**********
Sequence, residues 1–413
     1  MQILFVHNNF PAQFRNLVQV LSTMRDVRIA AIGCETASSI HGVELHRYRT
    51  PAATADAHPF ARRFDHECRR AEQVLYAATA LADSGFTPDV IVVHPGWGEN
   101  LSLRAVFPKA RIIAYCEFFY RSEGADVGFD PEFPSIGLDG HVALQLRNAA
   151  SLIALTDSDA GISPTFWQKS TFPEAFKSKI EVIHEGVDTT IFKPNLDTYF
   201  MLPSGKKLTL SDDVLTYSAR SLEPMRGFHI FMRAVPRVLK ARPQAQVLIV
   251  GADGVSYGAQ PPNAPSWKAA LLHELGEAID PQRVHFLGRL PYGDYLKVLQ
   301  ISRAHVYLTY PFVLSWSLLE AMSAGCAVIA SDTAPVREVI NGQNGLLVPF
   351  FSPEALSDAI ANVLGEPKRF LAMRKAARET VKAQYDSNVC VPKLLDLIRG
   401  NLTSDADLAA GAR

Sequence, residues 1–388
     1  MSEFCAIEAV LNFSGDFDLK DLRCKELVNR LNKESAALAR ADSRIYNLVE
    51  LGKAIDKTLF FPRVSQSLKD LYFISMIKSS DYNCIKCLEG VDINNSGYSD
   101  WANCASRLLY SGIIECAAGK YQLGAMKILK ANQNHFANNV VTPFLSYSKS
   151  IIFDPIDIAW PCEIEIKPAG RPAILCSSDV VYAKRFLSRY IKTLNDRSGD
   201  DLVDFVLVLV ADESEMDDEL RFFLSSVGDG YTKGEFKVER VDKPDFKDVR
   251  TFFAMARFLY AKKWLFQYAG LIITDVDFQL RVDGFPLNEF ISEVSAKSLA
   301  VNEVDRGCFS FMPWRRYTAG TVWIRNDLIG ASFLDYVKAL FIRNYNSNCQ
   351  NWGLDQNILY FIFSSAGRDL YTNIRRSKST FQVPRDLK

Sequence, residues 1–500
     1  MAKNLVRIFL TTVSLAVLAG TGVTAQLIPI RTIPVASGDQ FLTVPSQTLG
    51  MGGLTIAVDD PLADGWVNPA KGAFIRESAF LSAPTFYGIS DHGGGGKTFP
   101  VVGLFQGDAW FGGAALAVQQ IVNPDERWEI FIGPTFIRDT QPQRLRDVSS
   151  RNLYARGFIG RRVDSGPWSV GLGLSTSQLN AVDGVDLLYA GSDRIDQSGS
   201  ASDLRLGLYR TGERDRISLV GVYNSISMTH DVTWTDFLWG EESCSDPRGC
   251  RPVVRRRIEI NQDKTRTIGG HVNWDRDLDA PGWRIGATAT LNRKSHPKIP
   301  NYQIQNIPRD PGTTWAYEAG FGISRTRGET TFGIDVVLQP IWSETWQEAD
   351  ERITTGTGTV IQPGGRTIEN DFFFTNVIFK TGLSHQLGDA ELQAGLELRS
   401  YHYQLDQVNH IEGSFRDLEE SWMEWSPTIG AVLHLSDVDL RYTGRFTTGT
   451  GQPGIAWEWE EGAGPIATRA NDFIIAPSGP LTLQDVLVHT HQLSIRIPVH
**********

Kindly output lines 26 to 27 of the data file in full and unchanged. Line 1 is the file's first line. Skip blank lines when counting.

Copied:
   251  RPVVRRRIEI NQDKTRTIGG HVNWDRDLDA PGWRIGATAT LNRKSHPKIP
   301  NYQIQNIPRD PGTTWAYEAG FGISRTRGET TFGIDVVLQP IWSETWQEAD